The big three joint nutraceutical ingredients – glucosamine, chondroitin and hyaluronate – address the health of joint cartilage but there are other types of tissues that also play key roles.
Stabilizing structures of the stifle
All joints are stabilized by a medial and lateral pair of collateral ligaments. Tiny ligaments also bridge and connect the small bones in complex joints like the hock and carpus (knee). The stifle is particularly reliant on the criss-crossing cruciate ligaments and is cushioned by the menisci, another connective tissue structure.
Collagen, the most abundant protein in the body, is the ground substance of all types of connective tissues, including joint cartilage, ligaments, menisci and the joint capsule – even the lattice for mineral deposition in bone. Research has shown that hydrolyzed collagen supplements can strengthen bone and have an anabolic effect on joint tissues. Vitamin C is also required for the formation of connective tissues.
A relatively new addition to the structural support ingredients is egg shell membrane. This is a thin translucent membrane attached to the inner surface of (chicken) egg shells. It is composed of 25% collagen as well as hyaluronic acid, glucosamine, chondroitin and other connective tissue proteins.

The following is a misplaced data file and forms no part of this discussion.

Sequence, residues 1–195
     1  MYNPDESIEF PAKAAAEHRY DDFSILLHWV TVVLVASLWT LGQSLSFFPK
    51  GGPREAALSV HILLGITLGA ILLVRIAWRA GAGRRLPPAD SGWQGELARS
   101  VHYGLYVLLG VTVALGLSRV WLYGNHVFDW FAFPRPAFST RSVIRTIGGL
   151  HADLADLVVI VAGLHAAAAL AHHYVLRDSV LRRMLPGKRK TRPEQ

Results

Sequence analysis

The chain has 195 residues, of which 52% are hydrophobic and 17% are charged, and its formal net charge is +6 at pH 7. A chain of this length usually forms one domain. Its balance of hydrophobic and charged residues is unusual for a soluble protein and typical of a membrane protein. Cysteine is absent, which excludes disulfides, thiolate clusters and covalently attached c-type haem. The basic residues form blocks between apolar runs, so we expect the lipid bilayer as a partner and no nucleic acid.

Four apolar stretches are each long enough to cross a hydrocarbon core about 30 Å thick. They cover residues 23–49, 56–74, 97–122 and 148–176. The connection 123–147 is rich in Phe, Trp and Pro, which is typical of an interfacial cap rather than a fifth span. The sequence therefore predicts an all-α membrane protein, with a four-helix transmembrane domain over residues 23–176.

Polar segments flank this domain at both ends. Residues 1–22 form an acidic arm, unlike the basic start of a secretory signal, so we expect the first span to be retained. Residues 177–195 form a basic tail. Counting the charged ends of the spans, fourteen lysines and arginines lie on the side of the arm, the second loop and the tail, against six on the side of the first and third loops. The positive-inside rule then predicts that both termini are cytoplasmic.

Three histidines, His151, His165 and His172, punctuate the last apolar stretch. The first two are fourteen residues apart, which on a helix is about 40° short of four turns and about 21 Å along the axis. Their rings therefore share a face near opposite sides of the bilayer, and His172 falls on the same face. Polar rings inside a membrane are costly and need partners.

MSM, methylsulfonylmethane, a metabolite of DMSO, is a common ingredient in joint supplements. Recent research has found MSM interacts with enzyme systems and DNA activation involved in the normal cytokine cascade of inflammation that can be triggered by exercise and training.
Inflammation is a normal part of day to day tissue maintenance. It is the clean up crew that removes old or damaged cells and participates in tissue remodeling and strengthening. A healthy joint has the tools it needs to keep a balance between the forces of breakdown and repair.
Normal weightbearing and exercise generates free radicals which in turn trigger the inflammatory cascade. Dietary antioxidants can assist in the management of this oxidative stress. There is a host of options for antioxidant support, from single compounds like Quercetin or Resveratrol to the antioxidant powerhouse fruits and berries to a wide range of herbs such as Boswellia, Golden Rod and Cat’s Claw just to name a few.
With all the joint supplement options out there it’s difficult to make a choice. As a general guide, upper level athletes and horses working on hard ground or over difficult terrain are good candidates for the more comprehensive approach to joint support, as is any horse known to be prone to joint stress or with an incomplete response to the usual joint cartilage nutraceuticals alone.
Eleanor Kellon, VMD